Archive | April, 2012

Obama to Tap Strategic Petroleum Reserve?

30 Apr

Timing is everything.  First, the Democrats and Obama claim that an increased supply of oil will not bring gas prices down — nothing we can do in the short term will affect prices.  WHOA! Wait a minute!  Now, the White House wants to release oil from these strategic reserves, in the hopes that the price of gas will come down significantly before the election. [My conclusion.]

Oil should be released from the Strategic Reserve only in the event that America’s supplies of oil are in imminent danger of being shut off.  Significant shortages looming. 

Now, we are setting a precedent where, in a time when there is really enough oil on the market, a choice is being made to release oil for purely political purposes — for shaping a perception among the American people.

Terrible policy, terrible precedent for America.

My view.  Yours?

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Pro-Union NLRB at It Again

30 Apr

The latest obnoxiously-open pro-union action by the NLRB is to implement a rule the conservatives call “Ambush Elections”.   Supposedly taking effect today, it allows unions all the time they want to take to work behind the scenes to get support for unionization.  Then, when the unions feel fairly confident about their position, they apply to the NLRB to have an election, and the NLRB notifies the company that an election must be held WITHIN 10 DAYS!  This is designed to minimize the amount of time an employer has to develop a formal response to the unionization attempt.

Either I am misunderstanding this issue, or we have yet another example of this administration going out of its way to favor unions over America’s employers.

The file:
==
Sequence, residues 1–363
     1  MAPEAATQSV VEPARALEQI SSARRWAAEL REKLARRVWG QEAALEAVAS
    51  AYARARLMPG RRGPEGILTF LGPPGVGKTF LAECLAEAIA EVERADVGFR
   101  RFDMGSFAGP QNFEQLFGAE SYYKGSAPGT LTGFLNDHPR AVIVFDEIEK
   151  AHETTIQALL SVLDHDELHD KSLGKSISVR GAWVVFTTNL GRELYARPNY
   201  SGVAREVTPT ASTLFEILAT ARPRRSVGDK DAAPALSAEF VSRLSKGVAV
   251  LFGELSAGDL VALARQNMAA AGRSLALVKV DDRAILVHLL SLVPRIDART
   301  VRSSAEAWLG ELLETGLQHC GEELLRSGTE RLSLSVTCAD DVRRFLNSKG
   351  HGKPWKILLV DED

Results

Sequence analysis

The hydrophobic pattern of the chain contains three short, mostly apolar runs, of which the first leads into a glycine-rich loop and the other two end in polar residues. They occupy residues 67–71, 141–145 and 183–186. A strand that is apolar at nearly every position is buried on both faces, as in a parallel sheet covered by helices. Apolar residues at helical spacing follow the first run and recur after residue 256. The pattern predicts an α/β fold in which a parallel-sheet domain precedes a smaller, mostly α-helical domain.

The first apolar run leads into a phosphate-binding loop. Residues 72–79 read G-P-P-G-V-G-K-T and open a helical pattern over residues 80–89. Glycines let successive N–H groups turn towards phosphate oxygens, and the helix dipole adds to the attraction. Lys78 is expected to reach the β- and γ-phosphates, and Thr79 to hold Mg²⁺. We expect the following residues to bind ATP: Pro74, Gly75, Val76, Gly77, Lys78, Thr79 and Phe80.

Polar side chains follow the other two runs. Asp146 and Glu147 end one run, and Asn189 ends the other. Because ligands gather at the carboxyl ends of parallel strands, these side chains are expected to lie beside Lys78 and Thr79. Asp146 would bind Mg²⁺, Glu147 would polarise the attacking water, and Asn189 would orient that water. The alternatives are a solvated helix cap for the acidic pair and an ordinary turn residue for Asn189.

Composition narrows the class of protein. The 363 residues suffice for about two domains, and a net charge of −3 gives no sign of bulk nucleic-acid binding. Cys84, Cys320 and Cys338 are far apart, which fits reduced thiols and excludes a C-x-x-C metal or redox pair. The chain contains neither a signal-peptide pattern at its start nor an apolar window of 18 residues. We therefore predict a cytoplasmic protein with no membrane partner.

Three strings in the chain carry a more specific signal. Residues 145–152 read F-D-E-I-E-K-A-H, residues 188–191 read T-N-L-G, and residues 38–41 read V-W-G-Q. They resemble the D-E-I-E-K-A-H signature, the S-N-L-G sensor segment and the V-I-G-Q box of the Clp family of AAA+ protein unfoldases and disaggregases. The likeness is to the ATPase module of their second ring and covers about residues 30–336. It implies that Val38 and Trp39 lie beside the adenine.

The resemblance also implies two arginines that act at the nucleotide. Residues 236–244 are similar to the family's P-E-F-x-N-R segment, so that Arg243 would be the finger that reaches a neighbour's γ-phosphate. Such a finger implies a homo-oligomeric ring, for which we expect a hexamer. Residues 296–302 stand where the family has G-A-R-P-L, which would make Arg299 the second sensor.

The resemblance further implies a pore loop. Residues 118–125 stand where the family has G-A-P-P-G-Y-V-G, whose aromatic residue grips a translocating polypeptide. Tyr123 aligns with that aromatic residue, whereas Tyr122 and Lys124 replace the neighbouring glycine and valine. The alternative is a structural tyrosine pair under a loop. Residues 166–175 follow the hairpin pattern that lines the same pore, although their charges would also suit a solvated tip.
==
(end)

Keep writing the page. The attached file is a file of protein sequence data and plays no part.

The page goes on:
I wonder if such a small percent of the American people (7%) has ever before wielded such power with a president as today’s unions.

Can I hear from someone who wants to defend this new rule?

Voter ID

30 Apr

This morning, I had a service call from my cable company.  Guess what?  Before they would work in my house, I needed to show a government-issued ID.  The list is almost endless of the number of situations that arise that require us to show a government ID of some sort.  Even the cable company?

And yet — when it comes to pretty much the most sacred duty and right of an American citizen — voting — a great number of us — though a minority — believe we should not require an official ID when a person shows up to perform this duty.

The argument by Democrats/liberals is that such a requirement would effectively disenfranchise many people who, by this reasoning, do not have an ID and could not figure out a way to get an ID.  It is also being thrown out there that it is exceedingly difficult to even let people know that they need an ID.

Is there anyone out there that does not believe we could find a way to over-communicate this requirement?  And find a way to get anyone an ID who needs/wants one?  The government now has a marketing program to sign up more welfare recipients — don’t we think an effective campaign could be put together to ensure everyone knows how they can get a voter ID card?